The Patio - November 1966
Dad's big obsession was Hawaii. Not that he ever wanted to live there or anything, he just had this idea that the ideal, leisure-oriented back yard should look Hawaiian. (He was by no means unique as this seems to have been a national trend. Click here for an explanation of the exotic musical stylings of Martin Denny, who was at least partially responsible for the South Seas craze to which Dad succumbed.) We went to a yard sale in Burbank years later and I was stunned to see the Hawaiian motif in the back yard, done bigger and better by the owner. Anyway, Dad had a big Hawaiian music LP collection (yes, it included Martin Denny) that he'd play over the outdoor speaker, cunningly placed somewhere out of sight. Not seen in these photographs is a hanging conch shell that Dad painted with turquoise enamel. Also, there's a wooden bench in the corner, painted antique avocado. We had cans and cans of this paint, ready to transform any item to fit in with our decorating scheme.
The main civil engineering feat in our household was The Fish Pond. It always leaked. Dad poured coat after coat of water sealer into the thing, only to have it leak into the patio when filled. At this early stage he went in for the dramatic. In the lower picture you can barely see a garden hose snaking around the turquoise bamboo upper supports of our patio. This was connected to a bamboo tube into which Dad had drilled holes. When we turned the faucet on, water would dribble out of the tube and into the fish pond, conjuring up the sights and sounds of a tropical rainstorm. It was one of the most successful things Dad ever did. (Well, I got a kick out of it and since it was one of the attractions of the house tour, so did every visitor.)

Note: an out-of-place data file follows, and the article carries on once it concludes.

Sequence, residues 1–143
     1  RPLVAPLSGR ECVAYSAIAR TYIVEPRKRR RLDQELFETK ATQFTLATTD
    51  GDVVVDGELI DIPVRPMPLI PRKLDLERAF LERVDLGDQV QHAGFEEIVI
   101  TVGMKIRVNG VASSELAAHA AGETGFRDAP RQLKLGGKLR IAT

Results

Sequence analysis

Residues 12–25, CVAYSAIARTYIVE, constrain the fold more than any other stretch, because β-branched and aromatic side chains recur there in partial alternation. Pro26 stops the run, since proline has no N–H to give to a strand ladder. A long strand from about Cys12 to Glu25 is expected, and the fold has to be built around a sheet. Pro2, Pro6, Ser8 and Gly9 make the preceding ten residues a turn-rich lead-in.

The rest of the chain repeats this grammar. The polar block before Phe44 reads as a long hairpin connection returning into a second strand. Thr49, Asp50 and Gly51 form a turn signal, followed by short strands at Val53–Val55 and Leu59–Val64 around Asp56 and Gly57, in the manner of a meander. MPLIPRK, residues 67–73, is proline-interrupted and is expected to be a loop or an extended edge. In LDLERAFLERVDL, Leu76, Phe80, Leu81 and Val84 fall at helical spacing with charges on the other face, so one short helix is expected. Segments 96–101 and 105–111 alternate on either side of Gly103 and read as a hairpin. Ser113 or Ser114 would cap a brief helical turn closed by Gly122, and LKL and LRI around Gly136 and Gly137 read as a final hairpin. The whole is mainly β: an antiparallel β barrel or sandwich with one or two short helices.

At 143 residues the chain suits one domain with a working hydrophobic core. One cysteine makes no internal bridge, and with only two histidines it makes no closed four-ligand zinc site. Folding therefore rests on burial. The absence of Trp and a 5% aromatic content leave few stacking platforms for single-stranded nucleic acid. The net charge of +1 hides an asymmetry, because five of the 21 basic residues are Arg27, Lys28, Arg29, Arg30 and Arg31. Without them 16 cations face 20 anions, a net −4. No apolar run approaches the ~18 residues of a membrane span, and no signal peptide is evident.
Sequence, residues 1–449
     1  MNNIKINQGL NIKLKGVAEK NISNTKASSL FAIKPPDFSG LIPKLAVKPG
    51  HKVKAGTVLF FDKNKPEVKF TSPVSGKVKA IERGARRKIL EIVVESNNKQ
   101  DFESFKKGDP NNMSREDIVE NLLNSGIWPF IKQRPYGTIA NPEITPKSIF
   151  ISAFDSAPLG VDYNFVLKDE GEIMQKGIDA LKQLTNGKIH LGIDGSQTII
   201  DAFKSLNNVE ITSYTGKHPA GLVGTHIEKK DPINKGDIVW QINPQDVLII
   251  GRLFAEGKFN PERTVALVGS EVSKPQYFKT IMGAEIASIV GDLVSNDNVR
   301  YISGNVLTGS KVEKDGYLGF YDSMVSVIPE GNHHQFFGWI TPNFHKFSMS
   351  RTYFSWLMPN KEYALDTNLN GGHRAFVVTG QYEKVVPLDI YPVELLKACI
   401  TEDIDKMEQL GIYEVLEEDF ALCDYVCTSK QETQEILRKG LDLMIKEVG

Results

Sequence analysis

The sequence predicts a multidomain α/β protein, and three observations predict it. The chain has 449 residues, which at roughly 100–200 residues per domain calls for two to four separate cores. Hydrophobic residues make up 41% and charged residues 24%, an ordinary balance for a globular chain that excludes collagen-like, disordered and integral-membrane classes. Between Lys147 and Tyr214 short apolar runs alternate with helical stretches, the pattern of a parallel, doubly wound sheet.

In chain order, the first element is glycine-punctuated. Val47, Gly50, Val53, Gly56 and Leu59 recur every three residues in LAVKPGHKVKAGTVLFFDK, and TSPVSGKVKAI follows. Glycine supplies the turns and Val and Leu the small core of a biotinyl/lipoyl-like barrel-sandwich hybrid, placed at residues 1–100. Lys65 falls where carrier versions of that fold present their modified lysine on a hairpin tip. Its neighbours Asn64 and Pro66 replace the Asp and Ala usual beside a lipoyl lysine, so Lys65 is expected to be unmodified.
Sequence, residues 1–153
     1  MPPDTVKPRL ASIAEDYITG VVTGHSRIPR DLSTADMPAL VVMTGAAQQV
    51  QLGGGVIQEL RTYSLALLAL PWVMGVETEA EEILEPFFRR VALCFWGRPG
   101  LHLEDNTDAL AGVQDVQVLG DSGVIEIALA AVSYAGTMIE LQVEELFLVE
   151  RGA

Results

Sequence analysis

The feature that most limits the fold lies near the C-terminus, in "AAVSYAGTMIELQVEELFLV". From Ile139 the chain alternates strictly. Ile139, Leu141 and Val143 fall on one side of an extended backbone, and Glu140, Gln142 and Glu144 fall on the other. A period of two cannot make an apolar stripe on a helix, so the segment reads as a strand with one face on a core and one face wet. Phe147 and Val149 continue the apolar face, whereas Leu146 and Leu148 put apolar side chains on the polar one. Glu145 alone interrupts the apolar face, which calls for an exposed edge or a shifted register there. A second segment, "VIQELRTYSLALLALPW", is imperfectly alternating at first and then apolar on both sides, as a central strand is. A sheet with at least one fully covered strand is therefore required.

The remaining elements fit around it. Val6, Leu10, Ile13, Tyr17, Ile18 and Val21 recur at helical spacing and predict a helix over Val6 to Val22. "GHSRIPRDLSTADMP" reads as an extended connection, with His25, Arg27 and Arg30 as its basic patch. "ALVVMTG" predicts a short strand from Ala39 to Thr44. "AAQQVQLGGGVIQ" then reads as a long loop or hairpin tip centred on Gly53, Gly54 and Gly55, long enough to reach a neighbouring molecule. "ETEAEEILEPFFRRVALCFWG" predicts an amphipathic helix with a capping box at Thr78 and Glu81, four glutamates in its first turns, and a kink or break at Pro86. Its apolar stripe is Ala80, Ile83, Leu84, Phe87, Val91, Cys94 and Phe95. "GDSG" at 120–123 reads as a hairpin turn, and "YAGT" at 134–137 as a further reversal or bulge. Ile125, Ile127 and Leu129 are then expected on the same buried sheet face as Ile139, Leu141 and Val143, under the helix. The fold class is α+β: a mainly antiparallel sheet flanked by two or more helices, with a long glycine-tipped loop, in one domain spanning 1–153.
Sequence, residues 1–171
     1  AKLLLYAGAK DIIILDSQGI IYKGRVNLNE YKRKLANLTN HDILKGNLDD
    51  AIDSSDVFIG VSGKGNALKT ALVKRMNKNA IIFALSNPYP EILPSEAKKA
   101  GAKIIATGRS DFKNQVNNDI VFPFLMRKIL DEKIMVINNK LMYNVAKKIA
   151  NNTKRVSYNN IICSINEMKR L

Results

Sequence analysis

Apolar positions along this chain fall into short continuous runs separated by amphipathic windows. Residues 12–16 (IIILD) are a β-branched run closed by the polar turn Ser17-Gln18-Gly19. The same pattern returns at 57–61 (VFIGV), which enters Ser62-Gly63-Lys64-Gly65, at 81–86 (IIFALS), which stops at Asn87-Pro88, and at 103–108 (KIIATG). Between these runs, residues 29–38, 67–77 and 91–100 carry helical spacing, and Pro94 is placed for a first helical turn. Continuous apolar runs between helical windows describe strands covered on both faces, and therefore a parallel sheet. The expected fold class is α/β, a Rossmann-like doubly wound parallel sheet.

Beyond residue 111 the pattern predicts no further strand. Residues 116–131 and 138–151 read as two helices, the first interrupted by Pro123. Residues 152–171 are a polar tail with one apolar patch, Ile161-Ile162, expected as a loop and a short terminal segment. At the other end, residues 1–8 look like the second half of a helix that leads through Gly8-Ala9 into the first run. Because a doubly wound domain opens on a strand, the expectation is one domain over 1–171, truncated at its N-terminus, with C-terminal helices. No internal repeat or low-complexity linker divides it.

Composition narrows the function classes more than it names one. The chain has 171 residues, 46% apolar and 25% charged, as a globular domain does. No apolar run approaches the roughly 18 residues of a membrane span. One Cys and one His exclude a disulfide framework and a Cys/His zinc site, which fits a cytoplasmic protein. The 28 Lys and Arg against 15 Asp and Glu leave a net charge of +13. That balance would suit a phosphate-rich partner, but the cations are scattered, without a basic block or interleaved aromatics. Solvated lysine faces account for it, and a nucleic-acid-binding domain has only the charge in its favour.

We put the patio lean-to up without municipal permission, of course, and our neighbor reported us to the City of Burbank, who made us take it down. We later replaced it with a more permanent, city-approved patio. By then, however, that neighbor was dead and no longer a threat to our house plans. We later got revenge on his widow by planting pine trees along the fence that grew into monster evergreens which blotted the sun from her back yard! (If you played suburban wars with the Clarks you'd lose.)
See the green scum in the pond in the lower picture? We never did arrive at a solution to this problem. Pouring in chlorine would kill the fish (I did, once). Not pouring it in would lead to the development of unsightly scum. Brushing it clean required maintenance. Pouring in green food color didn't mask it. I suppose installing something to circulate the water might have kept it from becoming stagnant, but we never thought of that.
(NOTE: The lean-to patio idea did not spring fully-formed from Dad's mind in 1966, no. It was an evolutionary concept first put into place in the back yard of our rented house on Robinson Street in the Silverlake District of Los Angeles. Click here for a photo circa 1960; I appear to be about three. And yes, for some weird reason I'm running around in the back yard naked. Just call me Nature Boy.)